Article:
from Tony Blais of the Edmonton Sun,
An Edmonton sports merchandise company is suing the National Hockey League Players’ Association for $1 million, alleging the organization interfered with a deal to sell special player jerseys at the 2008 all-star game.
In a statement of claim filed in Edmonton’s Court of Queen’s Bench on Jan. 20, Next Wave Sports Inc. alleges the conduct of the NHLPA was in “callous disregard” of its rights and legitimate business interests and says the company is entitled to an award for punitive damages…
Next Wave alleges it contacted the Atlanta Thrashers hockey club in January 2008 and asked for the opportunity to market the product by displaying and selling a jersey featuring Thrashers star player Ilya Kovalchuk.
The Edmonton company alleges the Thrashers and the NHL gave it authorization to display and sell the JAC product featuring Kovalchuk during the NHL all-star-game weekend in Atlanta on Jan. 26 and Jan. 27, 2008.
from Larry Brooks of the NY Post,
The NHLPA has reached a tentative settlement with Paul Kelly in which the union will pay its former executive director $1.5M plus $200,000 in attorneys’ fees, The Post has learned.
The agreement reached by attorneys for both parties, and outlined on an NHLPA conference call yesterday, is subject to ratification by a majority vote of the 30 player reps. The vote, which will be conducted by email over the next 72 hours, is expected to gain unanimous approval.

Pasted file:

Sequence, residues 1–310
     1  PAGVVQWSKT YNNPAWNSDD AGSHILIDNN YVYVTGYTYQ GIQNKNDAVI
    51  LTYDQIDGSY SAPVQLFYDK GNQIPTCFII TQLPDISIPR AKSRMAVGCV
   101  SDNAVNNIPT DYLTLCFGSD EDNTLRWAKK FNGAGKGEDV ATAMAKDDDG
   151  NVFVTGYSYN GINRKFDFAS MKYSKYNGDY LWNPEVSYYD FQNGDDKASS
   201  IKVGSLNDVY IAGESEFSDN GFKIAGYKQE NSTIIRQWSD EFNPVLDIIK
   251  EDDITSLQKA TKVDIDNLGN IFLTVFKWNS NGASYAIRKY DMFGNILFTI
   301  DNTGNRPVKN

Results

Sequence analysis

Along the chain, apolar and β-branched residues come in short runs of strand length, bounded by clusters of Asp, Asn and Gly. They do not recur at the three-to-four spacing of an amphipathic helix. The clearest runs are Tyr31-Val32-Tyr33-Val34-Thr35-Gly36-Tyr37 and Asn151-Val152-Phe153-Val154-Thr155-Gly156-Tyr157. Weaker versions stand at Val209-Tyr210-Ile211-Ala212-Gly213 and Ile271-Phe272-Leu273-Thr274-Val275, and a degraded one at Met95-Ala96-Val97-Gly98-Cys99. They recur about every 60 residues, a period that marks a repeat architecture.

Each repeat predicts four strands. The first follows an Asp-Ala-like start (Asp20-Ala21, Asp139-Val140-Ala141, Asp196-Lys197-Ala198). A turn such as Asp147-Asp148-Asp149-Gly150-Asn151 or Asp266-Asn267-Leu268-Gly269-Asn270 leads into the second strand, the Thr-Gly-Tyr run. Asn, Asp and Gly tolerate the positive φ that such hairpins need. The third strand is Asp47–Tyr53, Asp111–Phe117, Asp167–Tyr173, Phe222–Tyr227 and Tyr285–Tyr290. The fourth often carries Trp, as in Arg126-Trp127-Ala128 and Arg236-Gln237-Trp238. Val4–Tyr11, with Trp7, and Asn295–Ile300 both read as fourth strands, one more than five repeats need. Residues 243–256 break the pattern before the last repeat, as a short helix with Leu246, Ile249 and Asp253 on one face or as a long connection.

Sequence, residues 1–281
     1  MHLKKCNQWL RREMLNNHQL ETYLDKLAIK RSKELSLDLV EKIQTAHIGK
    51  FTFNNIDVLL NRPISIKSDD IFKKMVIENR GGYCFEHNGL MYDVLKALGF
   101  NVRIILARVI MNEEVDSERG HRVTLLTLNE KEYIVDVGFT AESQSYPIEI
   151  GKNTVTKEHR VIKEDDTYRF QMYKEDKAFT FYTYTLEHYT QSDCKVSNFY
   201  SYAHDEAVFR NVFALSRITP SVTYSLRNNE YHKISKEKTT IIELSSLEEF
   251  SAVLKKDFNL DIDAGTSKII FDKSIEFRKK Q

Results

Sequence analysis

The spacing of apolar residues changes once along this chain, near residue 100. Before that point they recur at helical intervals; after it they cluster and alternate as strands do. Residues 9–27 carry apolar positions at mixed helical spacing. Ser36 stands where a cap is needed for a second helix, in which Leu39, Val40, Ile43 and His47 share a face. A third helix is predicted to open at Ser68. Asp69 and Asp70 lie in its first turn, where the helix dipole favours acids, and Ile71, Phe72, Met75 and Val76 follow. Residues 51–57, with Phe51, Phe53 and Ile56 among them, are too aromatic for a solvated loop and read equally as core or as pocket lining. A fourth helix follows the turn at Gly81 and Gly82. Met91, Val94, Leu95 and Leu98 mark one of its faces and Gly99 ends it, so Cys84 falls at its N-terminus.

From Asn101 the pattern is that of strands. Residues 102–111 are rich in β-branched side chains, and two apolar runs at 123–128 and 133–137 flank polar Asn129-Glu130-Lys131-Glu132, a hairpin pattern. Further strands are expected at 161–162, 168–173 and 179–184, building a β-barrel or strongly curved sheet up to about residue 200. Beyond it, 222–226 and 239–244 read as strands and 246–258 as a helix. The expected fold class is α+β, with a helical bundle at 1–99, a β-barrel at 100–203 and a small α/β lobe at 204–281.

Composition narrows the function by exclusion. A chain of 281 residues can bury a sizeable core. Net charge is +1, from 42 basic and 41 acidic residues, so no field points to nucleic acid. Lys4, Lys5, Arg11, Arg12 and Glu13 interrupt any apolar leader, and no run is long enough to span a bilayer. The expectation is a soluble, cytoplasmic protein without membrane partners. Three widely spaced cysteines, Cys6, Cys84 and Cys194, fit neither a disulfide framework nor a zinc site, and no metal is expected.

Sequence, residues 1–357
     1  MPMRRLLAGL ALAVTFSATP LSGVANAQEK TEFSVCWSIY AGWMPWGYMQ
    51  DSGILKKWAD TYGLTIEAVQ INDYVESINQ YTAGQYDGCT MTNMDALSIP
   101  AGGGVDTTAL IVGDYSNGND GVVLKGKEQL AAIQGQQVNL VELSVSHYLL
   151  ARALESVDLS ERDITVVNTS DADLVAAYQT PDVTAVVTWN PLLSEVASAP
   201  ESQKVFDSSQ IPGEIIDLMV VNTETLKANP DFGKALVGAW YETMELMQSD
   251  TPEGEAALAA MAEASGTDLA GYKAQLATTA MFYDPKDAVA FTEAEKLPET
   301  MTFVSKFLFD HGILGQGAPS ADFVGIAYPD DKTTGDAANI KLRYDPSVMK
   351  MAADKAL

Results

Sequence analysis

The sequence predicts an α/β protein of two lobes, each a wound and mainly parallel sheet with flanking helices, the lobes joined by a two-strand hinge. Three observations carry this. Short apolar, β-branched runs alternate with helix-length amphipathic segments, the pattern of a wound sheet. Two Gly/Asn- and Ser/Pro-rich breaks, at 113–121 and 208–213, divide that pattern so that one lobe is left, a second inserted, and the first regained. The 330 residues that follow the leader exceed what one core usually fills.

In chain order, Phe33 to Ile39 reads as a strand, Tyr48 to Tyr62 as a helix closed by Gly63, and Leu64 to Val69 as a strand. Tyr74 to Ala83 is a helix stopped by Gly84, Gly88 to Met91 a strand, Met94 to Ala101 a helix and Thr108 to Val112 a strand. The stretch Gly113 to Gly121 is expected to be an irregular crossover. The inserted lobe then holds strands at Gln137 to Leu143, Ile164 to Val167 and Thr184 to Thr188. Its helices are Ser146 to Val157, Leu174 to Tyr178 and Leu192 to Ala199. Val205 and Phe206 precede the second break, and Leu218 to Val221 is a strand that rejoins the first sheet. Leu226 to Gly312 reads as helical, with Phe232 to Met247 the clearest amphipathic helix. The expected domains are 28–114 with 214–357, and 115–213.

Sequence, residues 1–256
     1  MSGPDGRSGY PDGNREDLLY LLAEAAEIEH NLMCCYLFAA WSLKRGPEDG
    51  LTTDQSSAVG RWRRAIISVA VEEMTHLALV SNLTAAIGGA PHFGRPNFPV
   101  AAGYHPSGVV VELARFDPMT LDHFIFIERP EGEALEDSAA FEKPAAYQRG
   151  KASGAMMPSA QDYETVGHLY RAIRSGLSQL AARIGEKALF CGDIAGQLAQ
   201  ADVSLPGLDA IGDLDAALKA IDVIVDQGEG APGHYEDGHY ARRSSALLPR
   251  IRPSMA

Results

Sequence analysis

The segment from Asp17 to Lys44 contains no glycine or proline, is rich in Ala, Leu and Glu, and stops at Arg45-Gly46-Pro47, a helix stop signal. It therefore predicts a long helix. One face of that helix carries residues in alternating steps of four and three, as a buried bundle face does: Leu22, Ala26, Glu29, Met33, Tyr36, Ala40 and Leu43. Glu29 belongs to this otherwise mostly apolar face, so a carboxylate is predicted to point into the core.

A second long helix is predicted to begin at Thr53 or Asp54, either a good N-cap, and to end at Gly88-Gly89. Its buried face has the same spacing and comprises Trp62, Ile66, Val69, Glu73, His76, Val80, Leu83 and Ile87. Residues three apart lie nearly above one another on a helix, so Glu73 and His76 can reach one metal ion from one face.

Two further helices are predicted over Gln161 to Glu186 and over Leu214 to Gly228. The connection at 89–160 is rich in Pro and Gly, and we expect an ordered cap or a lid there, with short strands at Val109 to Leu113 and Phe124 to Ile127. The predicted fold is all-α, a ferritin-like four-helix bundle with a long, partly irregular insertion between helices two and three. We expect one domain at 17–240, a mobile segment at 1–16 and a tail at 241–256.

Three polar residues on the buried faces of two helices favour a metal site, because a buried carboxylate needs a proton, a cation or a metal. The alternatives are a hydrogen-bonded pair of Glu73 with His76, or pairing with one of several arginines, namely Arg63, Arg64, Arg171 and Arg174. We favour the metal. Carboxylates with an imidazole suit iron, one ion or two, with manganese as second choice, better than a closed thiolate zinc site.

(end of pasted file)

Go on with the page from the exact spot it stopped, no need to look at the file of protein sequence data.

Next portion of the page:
from the Toronto Sun,
Television viewers are about to be taken on tour with NHL Players’ Association.
A one-hour documentary will air today (CBC, 1 p.m. ET) that chronicles the whirlwind 10 countries in 10 days tour a group of former NHLers went on last month. Rob Zamuner and P.J. Stock travelled more than 19,000 kilometres to hand out 360 sets of hockey equipment to kids on behalf of the NHLPA’s Goals & Dreams fund.
from Eric Duhatschek of the Globe and Mail,
Nice to see that one of the NHL’s rising young stars, the Anaheim Ducks’ Ryan Getzlaf, agreed to join the search committee for the union’s next executive director. In recent years, they have mostly ceded that role to their more experienced colleagues. The next step will be to involve one of the Russian elites in the process – someone such as the Atlanta Thrashers’ Ilya Kovalchuk, a smart young athlete with a good-enough command of the English language to take on that responsibility. And it wouldn’t hurt to see Sidney Crosby volunteer for a position either, especially if the next incarnation of the union wants to be taken seriously by commissioner Gary Bettman and his ownership gang …
more hockey talk from Eric…
from Larry Brooks of the NY Post,
Does anyone believe the NHLPA would stand for the lenient sentences leveled by the league against headhunting concussion-inducing miscreants if a player whose career was destroyed by a series of brain injuries was there to present a case for victims’ rights and safety in the workplace on a daily basis?
Instead there is silence, the silence of the lambs of the NHLPA.
There is no other issue at the moment for the union other than this one. Why can’t advisor Donald Fehr actually advise the players on the critical nature of safety in the workplace? Or maybe the former executive director of the MLBPA thinks the long-terms effects of concussions are as benign as the long-terms effects of taking steroids.
About Kukla's Korner Hockey
Paul Kukla founded Kukla’s Korner in 2005 and the site has since become the must-read site on the ‘net for all the latest happenings around the NHL.
From breaking news to in-depth stories around the league, KK Hockey is updated with fresh stories all day long and will bring you the latest news as quickly as possible.